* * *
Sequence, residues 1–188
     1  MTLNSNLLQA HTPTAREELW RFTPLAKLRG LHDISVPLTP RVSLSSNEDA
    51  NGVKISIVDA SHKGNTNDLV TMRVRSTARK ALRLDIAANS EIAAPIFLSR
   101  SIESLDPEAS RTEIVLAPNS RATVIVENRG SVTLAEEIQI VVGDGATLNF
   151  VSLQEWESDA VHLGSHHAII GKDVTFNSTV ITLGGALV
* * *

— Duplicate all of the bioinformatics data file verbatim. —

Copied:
Sequence, residues 1–188
     1  MTLNSNLLQA HTPTAREELW RFTPLAKLRG LHDISVPLTP RVSLSSNEDA
    51  NGVKISIVDA SHKGNTNDLV TMRVRSTARK ALRLDIAANS EIAAPIFLSR
   101  SIESLDPEAS RTEIVLAPNS RATVIVENRG SVTLAEEIQI VVGDGATLNF
   151  VSLQEWESDA VHLGSHHAII GKDVTFNSTV ITLGGALV